We all transform. We all change.
Become new people—happier people, sadder people, more patient, more grumpy, more loving, less forgiving— whatever the changes, we all change. We all know someone who became bitter after a breakup or gentler after having a child. Change is inevitable—the question is, how much can we decide who we change into?
Most of our changes are gradual, small, almost unnoticeable at the time. It is usually only in hindsight, over years that we can see how and how much we have grown, evolved, adapted, if we can see it in ourselves at all. Sometimes it takes a comment from family or friends before we notice that we have changed. But occasionally, just sometimes, we have a moment where something happens that transforms us instantly.
This is the story of my moment.
My father died when I was nine years old. Pancreatic cancer.
It took just three months from when he was diagnosed. My parents believed that children should be told the truth, so we knew what was going on and what the inevitable outcome was. As far as that goes, they probably handled it as well as they could. I do agree that honesty is best, even with small children. However, I still ended up being angry…at my father…for dying.
Yes, as completely irrational as that sounds, I spent the next ten years being furious with him for leaving. Apparently this is pretty normal for kids who lose a parent at that age. My anger turned inwards—I was a quivering mess of insecurity that was unheld and unseen. In retrospect though, even then, my natural tendency towards self-awareness was helping.
I knew that I was mad at my father for dying. I knew this was irrational. I knew it was only one aspect of my life.
Twice as a teenager I had a dream. I don’t remember exactly how old I was, but I remember the dream as if it was yesterday. Somehow, my father had come back to us. We were living, Swiss Family Robinson style on an island (completely irrelevant) and he had somehow talked God into letting him come back. Everyone was completely thrilled and having a huge loving reunion. Except me. I was still so mad at him for dying that I refused to talk to him at all.
I had that same dream at least twice in my mid to late teens. It was a disturbing dream. It added guilt and overwhelming sorrow to my anger. I didn’t want to be so mad at him, but I couldn’t figure out how to get past it.
When I was twenty one and nine months (I can pretty much tell you to the day), I had the dream again. My father came back and I forgave him. I didn’t have to think about it in the dream, or work on it, it was just there. Forgiveness.
It turned out he had been a Nazi spy (in the dream); it didn’t matter— I loved him and accepted him anyway. I remember waking up sobbing. The joy and relief at finally letting go was so huge.
That dream changed me forever.
Instead of being a person who clung in anger, I became a person who could let go of things. From being the teenager who watched grief swallow her mother and swore to never love, I finally become someone who could feel love, completely, deeply, unconditionally. I became a friend who, instead of holding my friends to impossible standards of suiting me, I accepted others for who they truly were, and honestly not minding if that did not always suit me.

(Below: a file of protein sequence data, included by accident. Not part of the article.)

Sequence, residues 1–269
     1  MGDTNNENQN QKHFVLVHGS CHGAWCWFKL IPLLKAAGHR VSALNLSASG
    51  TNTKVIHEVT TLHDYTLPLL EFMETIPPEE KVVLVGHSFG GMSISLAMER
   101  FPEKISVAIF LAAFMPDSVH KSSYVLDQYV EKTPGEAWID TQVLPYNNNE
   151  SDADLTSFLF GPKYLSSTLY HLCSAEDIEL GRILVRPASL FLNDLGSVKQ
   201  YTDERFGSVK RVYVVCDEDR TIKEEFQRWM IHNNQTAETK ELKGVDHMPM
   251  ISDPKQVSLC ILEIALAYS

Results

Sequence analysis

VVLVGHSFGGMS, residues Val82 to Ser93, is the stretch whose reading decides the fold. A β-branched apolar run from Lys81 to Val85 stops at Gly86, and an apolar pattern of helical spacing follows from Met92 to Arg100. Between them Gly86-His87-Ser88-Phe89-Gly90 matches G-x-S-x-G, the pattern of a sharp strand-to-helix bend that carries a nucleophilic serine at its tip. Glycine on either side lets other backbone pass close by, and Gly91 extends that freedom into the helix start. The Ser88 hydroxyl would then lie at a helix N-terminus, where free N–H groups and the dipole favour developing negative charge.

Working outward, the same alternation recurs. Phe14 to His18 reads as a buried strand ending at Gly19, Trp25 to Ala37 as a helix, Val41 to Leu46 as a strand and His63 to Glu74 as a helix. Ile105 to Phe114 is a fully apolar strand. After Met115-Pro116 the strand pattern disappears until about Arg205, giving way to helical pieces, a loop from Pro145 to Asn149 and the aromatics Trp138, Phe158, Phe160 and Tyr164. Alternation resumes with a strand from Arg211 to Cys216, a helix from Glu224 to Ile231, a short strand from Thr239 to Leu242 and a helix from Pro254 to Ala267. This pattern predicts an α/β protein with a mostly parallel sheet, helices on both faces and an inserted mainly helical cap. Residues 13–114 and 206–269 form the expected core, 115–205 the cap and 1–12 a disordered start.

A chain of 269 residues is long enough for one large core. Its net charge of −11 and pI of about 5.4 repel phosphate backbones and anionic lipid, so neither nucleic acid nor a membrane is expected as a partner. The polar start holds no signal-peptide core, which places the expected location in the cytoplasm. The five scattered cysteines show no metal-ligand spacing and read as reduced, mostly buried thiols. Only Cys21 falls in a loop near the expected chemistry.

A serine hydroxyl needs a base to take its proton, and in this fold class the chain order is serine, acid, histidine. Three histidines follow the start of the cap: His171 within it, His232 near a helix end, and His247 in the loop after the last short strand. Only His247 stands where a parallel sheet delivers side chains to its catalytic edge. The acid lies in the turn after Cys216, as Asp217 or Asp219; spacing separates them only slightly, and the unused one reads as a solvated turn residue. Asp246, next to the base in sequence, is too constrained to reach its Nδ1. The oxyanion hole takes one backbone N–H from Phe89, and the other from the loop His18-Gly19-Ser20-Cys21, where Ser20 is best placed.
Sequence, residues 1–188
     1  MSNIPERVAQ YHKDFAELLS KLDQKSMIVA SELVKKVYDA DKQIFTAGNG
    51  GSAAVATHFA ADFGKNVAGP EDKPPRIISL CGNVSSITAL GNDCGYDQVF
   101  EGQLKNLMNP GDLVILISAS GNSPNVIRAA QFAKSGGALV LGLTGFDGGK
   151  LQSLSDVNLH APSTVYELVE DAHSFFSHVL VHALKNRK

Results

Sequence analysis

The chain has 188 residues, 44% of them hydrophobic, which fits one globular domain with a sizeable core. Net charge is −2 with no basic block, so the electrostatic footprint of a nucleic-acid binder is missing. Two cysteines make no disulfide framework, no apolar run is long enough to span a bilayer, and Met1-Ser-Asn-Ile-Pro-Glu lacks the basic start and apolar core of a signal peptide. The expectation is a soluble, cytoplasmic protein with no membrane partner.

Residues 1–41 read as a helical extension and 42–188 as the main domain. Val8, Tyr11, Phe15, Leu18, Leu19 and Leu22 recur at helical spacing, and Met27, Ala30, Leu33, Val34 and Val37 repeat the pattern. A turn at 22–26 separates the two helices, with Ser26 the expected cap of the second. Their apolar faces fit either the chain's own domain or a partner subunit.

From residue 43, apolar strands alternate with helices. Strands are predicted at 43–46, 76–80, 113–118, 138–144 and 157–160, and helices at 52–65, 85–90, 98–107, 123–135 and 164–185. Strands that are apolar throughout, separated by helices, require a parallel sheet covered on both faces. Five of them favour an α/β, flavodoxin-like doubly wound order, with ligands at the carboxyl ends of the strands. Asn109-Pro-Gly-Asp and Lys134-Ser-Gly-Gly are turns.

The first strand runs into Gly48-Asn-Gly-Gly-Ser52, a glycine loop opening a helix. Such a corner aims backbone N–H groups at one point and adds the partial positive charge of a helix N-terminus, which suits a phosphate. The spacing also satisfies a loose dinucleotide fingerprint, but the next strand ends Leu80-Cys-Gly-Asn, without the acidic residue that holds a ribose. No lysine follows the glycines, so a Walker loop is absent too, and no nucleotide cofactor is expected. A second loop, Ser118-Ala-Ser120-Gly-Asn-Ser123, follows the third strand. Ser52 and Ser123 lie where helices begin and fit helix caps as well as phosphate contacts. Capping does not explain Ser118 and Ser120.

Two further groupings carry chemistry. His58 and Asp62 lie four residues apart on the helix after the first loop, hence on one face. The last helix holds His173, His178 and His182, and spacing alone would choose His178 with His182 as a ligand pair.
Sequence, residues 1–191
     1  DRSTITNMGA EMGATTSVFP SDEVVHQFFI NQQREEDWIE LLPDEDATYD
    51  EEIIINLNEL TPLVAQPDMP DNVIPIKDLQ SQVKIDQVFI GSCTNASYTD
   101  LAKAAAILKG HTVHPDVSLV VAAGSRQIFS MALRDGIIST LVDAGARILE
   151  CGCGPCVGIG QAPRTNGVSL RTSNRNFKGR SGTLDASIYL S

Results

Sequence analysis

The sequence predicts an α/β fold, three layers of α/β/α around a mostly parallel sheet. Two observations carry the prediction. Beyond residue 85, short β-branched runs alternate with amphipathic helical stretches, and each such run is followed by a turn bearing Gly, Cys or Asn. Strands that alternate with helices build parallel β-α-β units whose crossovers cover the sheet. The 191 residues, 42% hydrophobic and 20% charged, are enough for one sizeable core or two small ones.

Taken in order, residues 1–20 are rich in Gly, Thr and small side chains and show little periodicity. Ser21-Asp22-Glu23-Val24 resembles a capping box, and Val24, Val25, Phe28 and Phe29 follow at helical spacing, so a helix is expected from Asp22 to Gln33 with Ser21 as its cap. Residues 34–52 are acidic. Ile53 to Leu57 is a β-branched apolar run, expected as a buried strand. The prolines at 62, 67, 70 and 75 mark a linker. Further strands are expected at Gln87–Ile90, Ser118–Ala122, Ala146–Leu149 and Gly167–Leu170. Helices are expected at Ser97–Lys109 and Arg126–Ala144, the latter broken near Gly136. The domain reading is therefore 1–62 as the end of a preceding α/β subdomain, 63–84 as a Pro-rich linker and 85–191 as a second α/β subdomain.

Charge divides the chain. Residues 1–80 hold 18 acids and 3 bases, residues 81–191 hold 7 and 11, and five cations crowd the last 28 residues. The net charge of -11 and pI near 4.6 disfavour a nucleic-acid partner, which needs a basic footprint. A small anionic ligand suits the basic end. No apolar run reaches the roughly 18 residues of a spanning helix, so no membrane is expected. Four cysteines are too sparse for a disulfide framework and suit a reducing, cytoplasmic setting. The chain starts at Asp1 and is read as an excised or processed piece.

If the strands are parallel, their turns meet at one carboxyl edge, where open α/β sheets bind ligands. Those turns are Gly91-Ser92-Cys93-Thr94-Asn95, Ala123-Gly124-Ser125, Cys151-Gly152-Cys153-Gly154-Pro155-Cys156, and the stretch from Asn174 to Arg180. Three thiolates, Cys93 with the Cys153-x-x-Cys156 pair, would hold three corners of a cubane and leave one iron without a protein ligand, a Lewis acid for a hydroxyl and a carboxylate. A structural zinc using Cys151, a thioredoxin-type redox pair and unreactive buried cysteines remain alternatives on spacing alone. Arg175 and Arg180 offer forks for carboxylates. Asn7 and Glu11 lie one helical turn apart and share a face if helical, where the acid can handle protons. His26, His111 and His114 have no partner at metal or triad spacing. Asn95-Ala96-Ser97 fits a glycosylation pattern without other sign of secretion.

I had a few more episodes along the way that took me a while to get over, but I did get over them. I became someone who could let my beloved husband leave because that’s what I knew he needed to do for his own purpose. I am someone who looks behind the inflammatory words my sister writes and sees the love and concern behind them. I am a person who makes the first call, reaches out, apologizes, stays calm and gives hugs.
When my mother passed away a few years ago, the letting go and moving on was pretty much instant. Not from the grief, but from all the wanting and yearning. I had wanted her to be a more attached parent, a more nurturing mother, a more selfless person. She could be none of those things—she could only do her best, which was emotionally limited. But, I remember the weight of wanting something different from her simply dissolving in the days after her death. She could no longer be anything other that what she was, so I simply let go of my side as it no longer had anyone to play against.
Forgiveness sets you free.
It truly has very little to do with the other person. Whether or not they “deserve” it, whether or not they even know about it, the person who will grow, who will live, who will be happier is you. I had a dream to help me with that the first time, but anyone can start without that.
Maybe just start small—forgive a slow waiter, be cheerful with the kid who gets your change wrong at the store, hug your mother or sister when they question your career choice, instead of getting defensive—they are really just communicating their love and concern for you.
Forgiveness is a change you can see straight away. That saying about how resentment is like drinking poison and expecting the other person to die—so very true. Letting go of all of those stories about who did what when and how it wasn’t fair—the only person you are hurting is you.
We can’t choose how other people behave or choose some of the big events in our lives. No matter how much we want to. We can only choose what we do with it. Rant, cling, gripe and fester? Or forgive. Let go. Choose happiness.
We all change, we all transform. We can decide into what. You can decide who you become out of all the experiences of your life. You get to decide who you are.
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Editorial Assistant: Leila Taylor Jankowski / Editor: Catherine Monkman
Photo: Hartwig HKD/flickr
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